Building on his "superb" (Washington Post) debut, The Meaning of Night, Michael Cox returns to a murderous nineteenth-century England.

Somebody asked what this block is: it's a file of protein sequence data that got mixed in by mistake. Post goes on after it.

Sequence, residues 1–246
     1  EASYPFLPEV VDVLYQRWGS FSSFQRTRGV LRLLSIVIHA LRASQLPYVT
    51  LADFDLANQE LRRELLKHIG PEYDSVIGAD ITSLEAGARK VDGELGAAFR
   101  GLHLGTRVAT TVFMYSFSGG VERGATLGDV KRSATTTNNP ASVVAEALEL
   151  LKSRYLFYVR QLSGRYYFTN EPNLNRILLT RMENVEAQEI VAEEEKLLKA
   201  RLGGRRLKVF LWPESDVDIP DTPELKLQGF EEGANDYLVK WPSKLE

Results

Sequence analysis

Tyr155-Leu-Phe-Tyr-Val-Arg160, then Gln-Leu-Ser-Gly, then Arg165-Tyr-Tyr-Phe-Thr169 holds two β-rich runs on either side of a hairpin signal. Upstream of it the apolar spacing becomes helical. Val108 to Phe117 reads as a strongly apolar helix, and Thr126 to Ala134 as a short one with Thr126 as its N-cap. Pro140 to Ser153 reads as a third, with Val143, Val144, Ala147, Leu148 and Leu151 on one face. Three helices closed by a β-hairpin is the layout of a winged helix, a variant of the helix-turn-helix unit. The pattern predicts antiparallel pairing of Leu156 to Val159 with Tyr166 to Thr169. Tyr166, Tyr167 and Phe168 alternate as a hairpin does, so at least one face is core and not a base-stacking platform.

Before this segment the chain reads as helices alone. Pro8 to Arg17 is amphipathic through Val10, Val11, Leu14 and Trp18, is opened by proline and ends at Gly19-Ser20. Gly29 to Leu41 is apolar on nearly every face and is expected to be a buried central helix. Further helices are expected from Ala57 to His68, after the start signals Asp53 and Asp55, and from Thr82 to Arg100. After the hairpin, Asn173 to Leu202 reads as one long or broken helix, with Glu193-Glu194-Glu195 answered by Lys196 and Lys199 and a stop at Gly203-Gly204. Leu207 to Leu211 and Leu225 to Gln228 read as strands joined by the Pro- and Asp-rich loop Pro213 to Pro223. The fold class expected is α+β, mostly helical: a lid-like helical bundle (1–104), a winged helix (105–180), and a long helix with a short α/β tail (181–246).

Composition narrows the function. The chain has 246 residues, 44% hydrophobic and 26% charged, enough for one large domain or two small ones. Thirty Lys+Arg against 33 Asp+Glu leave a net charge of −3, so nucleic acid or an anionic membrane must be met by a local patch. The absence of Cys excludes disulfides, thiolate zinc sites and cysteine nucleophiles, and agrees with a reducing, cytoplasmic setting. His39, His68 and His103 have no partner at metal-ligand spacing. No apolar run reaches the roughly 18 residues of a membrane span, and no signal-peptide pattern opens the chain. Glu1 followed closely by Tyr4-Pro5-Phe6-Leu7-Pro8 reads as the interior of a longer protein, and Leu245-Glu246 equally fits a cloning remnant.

…[an] entirely wonderful mock Victorian novel, written in something like the style of Alice's favorite writer, Wilkie Collins, author of The Moonstone and The Woman in White. It's a melodrama, of course, chock-full of revenge, romance, duplicity, concealed identities and murder most frequentbut melodrama on a grand scale. By any sensible standard, Englishman Michael Cox's convoluted plot is somewhere between outrageous and preposterous. Few characters are who or what they seem, and one key figure has five distinct identities. And yet the novel's fierce suspense and endless surprises, burnished by Cox's gorgeous prose, make it irresistible.